So, yea, using Comic Sans is a not a good idea (although not in the same league as hot pink paper or wearing flip-flops to an interview – come on now!); but can you really blame some job seekers for trying something to stand out?

    This job market is the worst since the days of Jimmy Carter – people are trying anything to try to get any job. Give them some slack – will ya?

    P.S. I am only saying "give them some slack" so that my competition for jobs will continue to submit poor-looking resumes thereby eliminating themselves from the pool of candidates, thereby giving me an edge on the job market!

  20. larryheard*

    I won't despise it too quickly. This would work if the position is for an artist, day care, or any position that would require a little off beat creativity. As long as the job seekers keeps up with the essential in how to write a resume, it's just fine. Just keep it clean and professional. No grammar errors, no I and me statement, and use specific figures when you can.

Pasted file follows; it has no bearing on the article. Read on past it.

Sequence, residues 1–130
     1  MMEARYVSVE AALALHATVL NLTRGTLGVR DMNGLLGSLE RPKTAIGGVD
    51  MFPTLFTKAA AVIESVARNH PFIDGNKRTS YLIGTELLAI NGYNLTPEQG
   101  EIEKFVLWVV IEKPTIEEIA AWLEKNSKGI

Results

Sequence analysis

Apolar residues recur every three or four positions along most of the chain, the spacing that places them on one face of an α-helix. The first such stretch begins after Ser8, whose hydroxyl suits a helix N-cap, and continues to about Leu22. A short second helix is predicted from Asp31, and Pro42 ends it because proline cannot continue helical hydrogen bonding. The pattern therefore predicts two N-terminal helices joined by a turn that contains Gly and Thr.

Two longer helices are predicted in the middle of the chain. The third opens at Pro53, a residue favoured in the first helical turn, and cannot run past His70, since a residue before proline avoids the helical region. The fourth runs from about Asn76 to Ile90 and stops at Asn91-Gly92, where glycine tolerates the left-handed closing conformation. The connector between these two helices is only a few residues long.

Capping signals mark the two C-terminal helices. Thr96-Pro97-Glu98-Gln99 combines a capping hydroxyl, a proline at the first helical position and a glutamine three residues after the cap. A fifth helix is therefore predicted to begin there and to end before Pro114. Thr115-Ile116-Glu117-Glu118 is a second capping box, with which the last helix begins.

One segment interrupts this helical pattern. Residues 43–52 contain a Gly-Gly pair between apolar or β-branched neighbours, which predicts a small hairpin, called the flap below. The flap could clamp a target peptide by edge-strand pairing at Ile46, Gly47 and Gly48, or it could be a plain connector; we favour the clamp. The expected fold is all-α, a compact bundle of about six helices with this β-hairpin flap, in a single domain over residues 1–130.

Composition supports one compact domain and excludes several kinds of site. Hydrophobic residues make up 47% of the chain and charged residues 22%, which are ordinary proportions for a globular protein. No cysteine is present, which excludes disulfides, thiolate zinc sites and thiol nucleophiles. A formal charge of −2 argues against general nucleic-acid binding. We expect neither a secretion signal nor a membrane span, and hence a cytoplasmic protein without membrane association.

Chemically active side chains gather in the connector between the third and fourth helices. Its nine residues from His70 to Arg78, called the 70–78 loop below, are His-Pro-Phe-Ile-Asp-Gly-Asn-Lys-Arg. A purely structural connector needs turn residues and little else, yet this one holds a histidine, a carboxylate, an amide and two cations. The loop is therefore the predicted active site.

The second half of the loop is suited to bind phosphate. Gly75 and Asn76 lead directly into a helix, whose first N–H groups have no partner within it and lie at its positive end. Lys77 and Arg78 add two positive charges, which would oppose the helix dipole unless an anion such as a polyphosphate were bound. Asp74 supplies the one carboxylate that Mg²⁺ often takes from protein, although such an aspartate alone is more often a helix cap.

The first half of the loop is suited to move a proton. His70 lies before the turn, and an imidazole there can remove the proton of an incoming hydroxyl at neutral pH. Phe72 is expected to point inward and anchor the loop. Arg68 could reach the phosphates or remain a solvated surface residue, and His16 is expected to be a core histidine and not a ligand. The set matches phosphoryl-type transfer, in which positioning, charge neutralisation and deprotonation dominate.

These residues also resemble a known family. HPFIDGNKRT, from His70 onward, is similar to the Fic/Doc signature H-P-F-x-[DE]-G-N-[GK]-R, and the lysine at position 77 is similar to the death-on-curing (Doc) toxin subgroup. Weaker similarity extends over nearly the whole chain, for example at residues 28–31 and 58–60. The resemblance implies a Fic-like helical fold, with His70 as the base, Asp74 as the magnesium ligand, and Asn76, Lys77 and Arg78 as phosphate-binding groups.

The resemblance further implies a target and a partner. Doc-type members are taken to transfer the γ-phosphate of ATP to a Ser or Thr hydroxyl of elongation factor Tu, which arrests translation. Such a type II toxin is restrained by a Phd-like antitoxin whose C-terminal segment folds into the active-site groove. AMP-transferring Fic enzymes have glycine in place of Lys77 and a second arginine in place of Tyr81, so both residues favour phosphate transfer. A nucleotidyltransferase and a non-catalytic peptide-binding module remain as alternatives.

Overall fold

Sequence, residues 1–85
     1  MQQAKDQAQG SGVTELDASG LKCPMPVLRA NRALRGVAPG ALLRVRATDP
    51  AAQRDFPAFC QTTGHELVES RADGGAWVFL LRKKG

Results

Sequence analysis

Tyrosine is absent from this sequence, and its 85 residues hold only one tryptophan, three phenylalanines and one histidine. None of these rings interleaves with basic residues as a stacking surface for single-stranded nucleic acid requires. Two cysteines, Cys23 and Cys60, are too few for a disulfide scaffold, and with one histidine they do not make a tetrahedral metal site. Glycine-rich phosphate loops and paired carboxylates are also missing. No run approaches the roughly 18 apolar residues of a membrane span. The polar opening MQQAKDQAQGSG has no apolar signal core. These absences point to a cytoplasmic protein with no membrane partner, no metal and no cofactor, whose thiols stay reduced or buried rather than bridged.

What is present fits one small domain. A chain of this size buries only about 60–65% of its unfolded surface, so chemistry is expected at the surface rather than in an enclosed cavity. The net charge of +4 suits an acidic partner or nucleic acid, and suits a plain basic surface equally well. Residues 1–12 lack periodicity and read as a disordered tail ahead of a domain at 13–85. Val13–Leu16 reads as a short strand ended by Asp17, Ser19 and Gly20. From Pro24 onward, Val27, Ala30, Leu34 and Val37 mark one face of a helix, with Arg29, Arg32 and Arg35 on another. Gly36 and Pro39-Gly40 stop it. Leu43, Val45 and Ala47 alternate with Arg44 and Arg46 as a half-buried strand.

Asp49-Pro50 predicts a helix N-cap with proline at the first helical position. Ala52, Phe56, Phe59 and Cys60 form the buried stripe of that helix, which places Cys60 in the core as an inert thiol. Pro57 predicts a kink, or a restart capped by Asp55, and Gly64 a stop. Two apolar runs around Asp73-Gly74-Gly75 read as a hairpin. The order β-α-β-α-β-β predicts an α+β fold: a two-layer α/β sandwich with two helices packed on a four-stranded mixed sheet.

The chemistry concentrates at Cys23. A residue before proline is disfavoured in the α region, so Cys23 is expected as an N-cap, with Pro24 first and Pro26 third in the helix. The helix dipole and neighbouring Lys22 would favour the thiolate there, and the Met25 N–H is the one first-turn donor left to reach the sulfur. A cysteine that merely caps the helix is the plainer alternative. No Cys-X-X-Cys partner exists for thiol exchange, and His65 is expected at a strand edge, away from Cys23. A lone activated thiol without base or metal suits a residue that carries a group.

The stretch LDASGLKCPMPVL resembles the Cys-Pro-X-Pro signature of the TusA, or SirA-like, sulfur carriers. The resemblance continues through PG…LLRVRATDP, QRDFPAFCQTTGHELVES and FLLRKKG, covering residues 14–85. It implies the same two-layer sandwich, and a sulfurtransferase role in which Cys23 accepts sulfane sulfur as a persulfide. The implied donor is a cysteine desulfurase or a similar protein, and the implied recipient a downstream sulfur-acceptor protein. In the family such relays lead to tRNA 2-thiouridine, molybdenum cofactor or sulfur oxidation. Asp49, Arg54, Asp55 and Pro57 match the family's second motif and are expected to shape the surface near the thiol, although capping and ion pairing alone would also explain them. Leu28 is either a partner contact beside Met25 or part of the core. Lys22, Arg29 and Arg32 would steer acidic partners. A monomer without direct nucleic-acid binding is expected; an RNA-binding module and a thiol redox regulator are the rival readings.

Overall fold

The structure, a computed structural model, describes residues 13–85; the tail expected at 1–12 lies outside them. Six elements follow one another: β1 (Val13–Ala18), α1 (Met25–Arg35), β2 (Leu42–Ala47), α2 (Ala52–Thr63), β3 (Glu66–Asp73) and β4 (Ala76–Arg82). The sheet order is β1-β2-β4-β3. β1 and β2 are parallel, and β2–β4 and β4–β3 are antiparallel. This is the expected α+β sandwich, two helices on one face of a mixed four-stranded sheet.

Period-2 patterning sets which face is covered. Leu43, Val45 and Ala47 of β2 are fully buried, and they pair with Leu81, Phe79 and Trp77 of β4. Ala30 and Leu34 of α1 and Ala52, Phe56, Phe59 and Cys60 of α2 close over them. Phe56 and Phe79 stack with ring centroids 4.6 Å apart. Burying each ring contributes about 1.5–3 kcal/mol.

21. Michele*

    "I won't despise it too quickly. This would work if the position is for an artist, day care, or any position that would require a little off beat creativity."

    I beg to differ. I am a manager at a children's museum who has evaluated scores of resumes for positions in my marketing department, which requires a lot of creativity. Using Comic Sans absolutely does NOT imply creativity, it implies that you think it's creative, which it's not. It is overused and a terrible cliche, especially when it comes to a position working with children, which is quite the opposite of creative.

    I agree with others in that if you want to be creative, play with layout, or show examples of creativity.